Today I was honored to Skype and present one of my favorite gamification lesson guides to a group of high school students, in North Carolina: An Island of Despair, based off the phenomenal video game, Dear Esther, by The Chinese Room. Together we worked through analyzing the video game narrative structure, while inferring the mystery behind this allusive island. I even had them go "ghost hunting!" Don't worry, they know what this means:)

It's a Mystery in Quebec!

So much fun making new friends in Quebec, Canada, while connecting with a simple Mystery Skype. The notion is simple: each class presents various clues about their geographic location. When the clues have concluded, the class discusses their ideas and gives their partnering class their best guess. The giveaway clue for my students was French is their origin language.

The clues my students provided our friends, in Quebec, can be seen below:

  • Our location is shaped like a mitten.

  • We have 5 Great Lakes.

  • Eminem and Kid Rock are from our state.

  • Our state has the Motor City.

  • We have two peninsulas.

Obviously, our friends from Canada figured out that we're from Michigan! Great time and I'll sure we'll connect again.

Good Afternoon and Happy Holidays Canada!

In a very creative way, the challenges presented in this Skype (thanks to Human Resource Machine by Tomorrow Corporation) will have students coding in assembly language.

Assembly Language Assembly is the most basic programming language available for any processor. With assembly language, the programmer (student in this case) works only with operations that are implemented directly on the physical Central Processing Unit.

I was honored to be asked to present the first lesson in my coding lesson guide to a wonderful group of students, in Canada. Considering it was their last day of school before holiday break, they were still very interactive, motivated, and filled with the joy of learning. I'm sure I'll be meeting my new friends in Canada for another Skype session soon.

From Florida, to North Carolina, and the U.K. During Skype-athon

Analyzing Video Game Narrative Text with Indonesia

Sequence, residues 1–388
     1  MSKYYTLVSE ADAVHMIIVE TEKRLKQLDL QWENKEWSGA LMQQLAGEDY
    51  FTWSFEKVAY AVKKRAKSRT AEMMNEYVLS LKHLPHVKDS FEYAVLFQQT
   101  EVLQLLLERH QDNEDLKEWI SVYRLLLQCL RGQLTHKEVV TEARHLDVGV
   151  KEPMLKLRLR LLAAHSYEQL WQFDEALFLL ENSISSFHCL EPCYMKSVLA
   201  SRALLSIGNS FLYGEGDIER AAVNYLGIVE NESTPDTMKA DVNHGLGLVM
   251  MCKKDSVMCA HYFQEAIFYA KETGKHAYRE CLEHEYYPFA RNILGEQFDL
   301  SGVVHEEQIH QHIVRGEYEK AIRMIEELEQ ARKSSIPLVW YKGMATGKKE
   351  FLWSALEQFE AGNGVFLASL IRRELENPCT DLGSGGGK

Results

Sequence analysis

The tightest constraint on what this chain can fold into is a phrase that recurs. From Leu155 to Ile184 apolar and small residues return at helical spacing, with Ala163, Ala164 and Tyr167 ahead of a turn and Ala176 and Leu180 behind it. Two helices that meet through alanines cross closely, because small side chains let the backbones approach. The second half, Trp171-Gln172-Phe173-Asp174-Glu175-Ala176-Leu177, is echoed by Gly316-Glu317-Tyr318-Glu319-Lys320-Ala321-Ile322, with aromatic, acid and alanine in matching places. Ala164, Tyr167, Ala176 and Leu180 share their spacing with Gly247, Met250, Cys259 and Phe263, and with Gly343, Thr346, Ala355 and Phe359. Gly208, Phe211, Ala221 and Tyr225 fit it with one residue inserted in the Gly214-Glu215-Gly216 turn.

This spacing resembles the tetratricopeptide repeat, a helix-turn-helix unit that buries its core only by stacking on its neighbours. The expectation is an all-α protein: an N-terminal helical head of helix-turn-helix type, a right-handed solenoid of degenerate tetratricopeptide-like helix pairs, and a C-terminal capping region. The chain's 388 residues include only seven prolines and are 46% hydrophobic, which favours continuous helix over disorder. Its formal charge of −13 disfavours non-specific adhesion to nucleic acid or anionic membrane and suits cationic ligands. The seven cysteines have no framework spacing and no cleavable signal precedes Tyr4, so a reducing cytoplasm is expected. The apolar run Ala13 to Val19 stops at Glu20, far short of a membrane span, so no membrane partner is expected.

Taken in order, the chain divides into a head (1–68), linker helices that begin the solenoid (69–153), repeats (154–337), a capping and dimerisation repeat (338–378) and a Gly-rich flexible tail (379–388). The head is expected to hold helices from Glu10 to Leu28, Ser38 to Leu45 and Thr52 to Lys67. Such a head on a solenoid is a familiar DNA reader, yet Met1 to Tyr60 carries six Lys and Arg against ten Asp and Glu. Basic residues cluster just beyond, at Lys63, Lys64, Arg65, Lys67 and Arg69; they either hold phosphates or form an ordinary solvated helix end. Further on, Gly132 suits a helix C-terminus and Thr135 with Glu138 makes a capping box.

I've was happy to have the opportunity to bring my creation An Island of Despair, based off the phenomenal video game, Dear Esther, by the Chinese Room, to a group of awesome students in Indonesia. We were able to analyze some brilliantly written text, while looking deep into a very metaphorical and heartbreaking game experience.

Coding with 1st Graders in El Paso

In a very creative way, the challenges presented in this Skype (thanks to Human Resource Machine by Tomorrow Corporation) will have students coding in assembly language.

Assembly Language Assembly is the most basic programming language available for any processor. With assembly language, the programmer (student in this case) works only with operations that are implemented directly on the physical Central Processing Unit.

Although I had never really considered trying my Look at Me! I'm Learning to Code lesson guide to such a young audience; I was extremely proud and happy with how well these youngsters quickly took to the concepts of coding with Assembly Language. I hope to see my little buddies in El Paso, Texas again soon.

Bringing the Creepy, Cold to Mexico City

One of my newest video game lesson guide creations focuses on the Dyatlov Pass incident. The Dyatlov Pass incident details the mysterious deaths of nine ski hikers in the northern Ural Mountains (Russia) on February 2, 1959. This experienced group, who were all from the Ural Polytechnical Institute, had set camp on the slopes of Kholat Syakhl when it all went wrong. That evening something made them lash their way out of their tents from the inside and escape the campsite, poorly dressed for the heavy snowfall and freezing temperatures.